Here in the United States, many people conduct business on the golf course or in a coffee shop to achieve their goals.
In China, building strong working relationships is essential. Newcomers must understand that respecting the local culture is how to succeed in business in that country.
Understanding the Chinese business culture
Westerners must acknowledge the Chinese hierarchy where managers and above expect respectful treatment. They have prestigious roles in business and expect instant obedience from workers. The concept of “saving face” is important. In China, disagreeing with something or pointing out someone’s mistake might be a grave business error. On the other hand, giving credit for good work is one way to save face when you are trying to cultivate a business relationship.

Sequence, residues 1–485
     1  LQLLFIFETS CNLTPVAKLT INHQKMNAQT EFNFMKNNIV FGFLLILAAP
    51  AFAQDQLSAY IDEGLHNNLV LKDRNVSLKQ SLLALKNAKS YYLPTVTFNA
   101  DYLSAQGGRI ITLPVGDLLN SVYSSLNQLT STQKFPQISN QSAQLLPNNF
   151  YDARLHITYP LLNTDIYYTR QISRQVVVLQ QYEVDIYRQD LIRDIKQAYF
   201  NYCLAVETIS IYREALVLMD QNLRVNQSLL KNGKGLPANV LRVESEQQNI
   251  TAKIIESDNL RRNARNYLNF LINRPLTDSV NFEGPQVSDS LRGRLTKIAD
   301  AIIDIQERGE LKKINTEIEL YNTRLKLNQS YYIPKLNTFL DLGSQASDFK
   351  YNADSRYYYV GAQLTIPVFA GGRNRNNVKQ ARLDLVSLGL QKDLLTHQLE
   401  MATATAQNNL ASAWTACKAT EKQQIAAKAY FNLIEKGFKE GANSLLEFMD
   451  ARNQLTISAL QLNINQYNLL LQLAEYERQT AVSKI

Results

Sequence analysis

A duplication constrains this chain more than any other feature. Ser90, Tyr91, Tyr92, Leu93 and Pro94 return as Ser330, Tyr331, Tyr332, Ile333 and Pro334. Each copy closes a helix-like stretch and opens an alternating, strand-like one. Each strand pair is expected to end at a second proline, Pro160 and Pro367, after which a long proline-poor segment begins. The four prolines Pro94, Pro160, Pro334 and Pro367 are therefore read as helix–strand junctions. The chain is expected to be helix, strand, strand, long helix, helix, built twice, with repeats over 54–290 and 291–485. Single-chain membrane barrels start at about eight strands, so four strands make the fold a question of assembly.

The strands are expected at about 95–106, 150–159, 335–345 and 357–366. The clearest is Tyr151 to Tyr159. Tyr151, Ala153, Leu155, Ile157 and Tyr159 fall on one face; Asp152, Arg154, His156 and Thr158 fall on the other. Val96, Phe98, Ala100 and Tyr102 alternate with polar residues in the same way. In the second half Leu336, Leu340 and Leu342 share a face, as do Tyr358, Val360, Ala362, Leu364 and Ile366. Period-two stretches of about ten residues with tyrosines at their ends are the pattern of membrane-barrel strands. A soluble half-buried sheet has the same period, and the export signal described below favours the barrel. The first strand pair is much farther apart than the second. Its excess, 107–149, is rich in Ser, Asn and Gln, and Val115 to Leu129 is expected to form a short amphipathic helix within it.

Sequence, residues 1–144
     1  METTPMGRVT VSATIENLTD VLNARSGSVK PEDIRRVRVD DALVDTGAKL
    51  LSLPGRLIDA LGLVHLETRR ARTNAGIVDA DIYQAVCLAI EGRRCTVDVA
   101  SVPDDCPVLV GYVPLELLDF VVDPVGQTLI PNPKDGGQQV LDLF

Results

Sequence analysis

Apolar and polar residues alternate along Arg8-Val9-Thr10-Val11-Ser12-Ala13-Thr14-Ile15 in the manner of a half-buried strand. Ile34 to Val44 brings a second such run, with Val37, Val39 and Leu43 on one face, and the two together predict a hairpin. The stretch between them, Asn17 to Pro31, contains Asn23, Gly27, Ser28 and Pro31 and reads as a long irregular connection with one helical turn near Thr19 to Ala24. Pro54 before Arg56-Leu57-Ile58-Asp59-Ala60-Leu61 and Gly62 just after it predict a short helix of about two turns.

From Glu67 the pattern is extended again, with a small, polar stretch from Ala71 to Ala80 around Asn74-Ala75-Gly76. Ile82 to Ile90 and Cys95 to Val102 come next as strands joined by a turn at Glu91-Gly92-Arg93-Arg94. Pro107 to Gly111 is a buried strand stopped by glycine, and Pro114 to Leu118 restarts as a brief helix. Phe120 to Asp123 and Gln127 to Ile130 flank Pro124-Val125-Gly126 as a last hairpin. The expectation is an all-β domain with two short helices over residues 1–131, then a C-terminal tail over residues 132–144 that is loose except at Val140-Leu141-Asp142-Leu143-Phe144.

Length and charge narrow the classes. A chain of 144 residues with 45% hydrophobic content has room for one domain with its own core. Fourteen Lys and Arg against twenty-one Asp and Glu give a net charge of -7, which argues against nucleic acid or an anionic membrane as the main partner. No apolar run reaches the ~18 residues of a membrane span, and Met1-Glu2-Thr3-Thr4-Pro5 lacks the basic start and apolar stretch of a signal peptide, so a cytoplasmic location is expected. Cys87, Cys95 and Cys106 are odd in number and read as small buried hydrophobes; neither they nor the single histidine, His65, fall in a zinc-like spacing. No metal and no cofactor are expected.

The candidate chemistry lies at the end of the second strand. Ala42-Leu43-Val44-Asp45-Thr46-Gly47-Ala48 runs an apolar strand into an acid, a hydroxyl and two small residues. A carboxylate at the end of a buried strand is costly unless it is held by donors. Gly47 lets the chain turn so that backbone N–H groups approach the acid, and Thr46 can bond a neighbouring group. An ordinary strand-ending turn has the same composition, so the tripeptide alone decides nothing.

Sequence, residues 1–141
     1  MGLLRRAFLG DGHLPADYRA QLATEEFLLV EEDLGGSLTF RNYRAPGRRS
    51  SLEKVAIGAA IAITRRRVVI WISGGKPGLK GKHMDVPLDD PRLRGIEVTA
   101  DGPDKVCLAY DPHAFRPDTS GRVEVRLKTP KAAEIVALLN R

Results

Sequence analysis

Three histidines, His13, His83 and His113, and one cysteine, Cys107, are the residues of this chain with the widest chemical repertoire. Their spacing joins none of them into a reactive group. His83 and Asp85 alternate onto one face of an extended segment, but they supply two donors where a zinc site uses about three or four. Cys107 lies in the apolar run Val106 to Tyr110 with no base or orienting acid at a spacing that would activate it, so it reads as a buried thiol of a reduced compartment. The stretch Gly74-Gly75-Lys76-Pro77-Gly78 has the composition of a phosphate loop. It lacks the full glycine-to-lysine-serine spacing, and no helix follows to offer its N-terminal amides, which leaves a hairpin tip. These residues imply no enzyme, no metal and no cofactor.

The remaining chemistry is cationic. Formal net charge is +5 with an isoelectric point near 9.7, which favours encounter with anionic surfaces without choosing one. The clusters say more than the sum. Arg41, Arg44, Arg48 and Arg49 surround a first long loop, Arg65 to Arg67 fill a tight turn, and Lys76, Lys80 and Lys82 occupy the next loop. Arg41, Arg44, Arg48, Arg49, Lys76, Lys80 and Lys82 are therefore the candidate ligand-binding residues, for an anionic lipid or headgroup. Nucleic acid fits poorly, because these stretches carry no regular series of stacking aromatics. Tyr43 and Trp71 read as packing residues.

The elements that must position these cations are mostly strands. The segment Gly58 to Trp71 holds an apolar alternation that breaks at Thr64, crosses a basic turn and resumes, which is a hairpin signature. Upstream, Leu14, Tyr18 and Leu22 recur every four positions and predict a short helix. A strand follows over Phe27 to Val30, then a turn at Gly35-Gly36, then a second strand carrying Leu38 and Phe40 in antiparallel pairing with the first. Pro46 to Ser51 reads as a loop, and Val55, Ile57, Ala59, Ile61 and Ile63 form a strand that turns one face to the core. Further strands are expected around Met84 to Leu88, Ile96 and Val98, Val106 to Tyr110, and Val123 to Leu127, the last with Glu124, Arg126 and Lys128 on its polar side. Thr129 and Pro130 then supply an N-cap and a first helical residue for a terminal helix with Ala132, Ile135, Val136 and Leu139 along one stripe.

Dealing with the state
Westerners must keep in mind that the Chinese government owns most of the country’s assets. The Chinese people own less than a quarter as compared to the U.S. where assets are privately owned. As a result, most companies wishing to do business in China will often have to negotiate with the government. Cutting through the resulting red tape takes time.
Accepting the slower pace
In addition to the interaction with the government, westerners must understand that doing business in China is a slower effort overall. In general, business in the western world moves at a fast clip, but in China, it may be necessary to meet with contacts several times before closing a deal. For example, it is essential to accept invitations to enjoy cocktails or dinner. Newcomers to doing business in China must understand that patience is vital to business success.